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When and how to fertilize my hydrangeas

Posted by midwestplantsfan 5b Kansas City (My Page) on
Mon, Jan 14, 13 at 13:13

My wife and I bought a house 2 summers ago that has some larger trees on it so we decided to plant some hydrangeas. I have never fertilized them, or any of my plants for that matter because I wasn't sure when, what, and how much fertilizer to use. This year I want to really get the garden looking good and getting a fertilizing schedule down to get the best looking and blooming plants. Anyone have any advice on what is best for my hydrangeas. Most of them are endless summer varieties. I also have some limelight and some oakleaf hydranges.

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RE: When and how to fertilize my hydrangeas

Hydrangeas are not heavy 'eaters' like roses are. They do not a big growth spurt so they do not need as much fertilizer. If your soil has adequate amounts of minerals, you would not need to fertilize them at all! It probably feels weird but you could skip fertilizing on some years and have no effect. The one assumption that I make is that your soil has adequate amounts of minerals (a soil test can provide this information).

You can fertilize them in Spring using either compost, composted manure, cottonseed meal and a general-purpose slow-release chemical fertilizer. For a newly planted shrub, you can use the 'less is more' saying and give them 1/2 cup to 1 cup per application. A single application will last all year. If using a chemical fertilizer, apply according the label instructions. I begin fertilizing about two weeks after my average date of last frost or when the shrubs have started to leaf out.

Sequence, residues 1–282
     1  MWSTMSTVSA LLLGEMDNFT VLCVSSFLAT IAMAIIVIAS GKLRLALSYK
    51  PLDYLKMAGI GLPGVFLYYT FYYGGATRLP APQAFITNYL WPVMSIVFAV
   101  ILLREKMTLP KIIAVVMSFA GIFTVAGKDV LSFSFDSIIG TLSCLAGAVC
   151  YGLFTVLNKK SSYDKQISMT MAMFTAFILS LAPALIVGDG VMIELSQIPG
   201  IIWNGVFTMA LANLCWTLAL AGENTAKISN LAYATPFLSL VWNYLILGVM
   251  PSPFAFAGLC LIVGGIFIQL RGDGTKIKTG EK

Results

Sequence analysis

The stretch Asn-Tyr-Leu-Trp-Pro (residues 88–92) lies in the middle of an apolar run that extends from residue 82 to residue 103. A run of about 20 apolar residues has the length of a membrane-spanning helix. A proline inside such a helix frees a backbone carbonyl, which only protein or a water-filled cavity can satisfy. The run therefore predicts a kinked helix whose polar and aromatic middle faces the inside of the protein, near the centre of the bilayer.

Remove the mulch; water a little; add the fertilizer; water again and cover with mulch. If you have dogs like I do, turn "on" one of those Star Trek spaceship shields around the fertilizers for a few weeks so the pooches stay away from the good smelling organic fertilizers! While fertilizing, add more mulch if you need to... in order to maintain 3-4' up to the drip line.

Hydrangeas in pots will need more frequent feeding. See the link below for more information.

Here is a link that might be useful: More information

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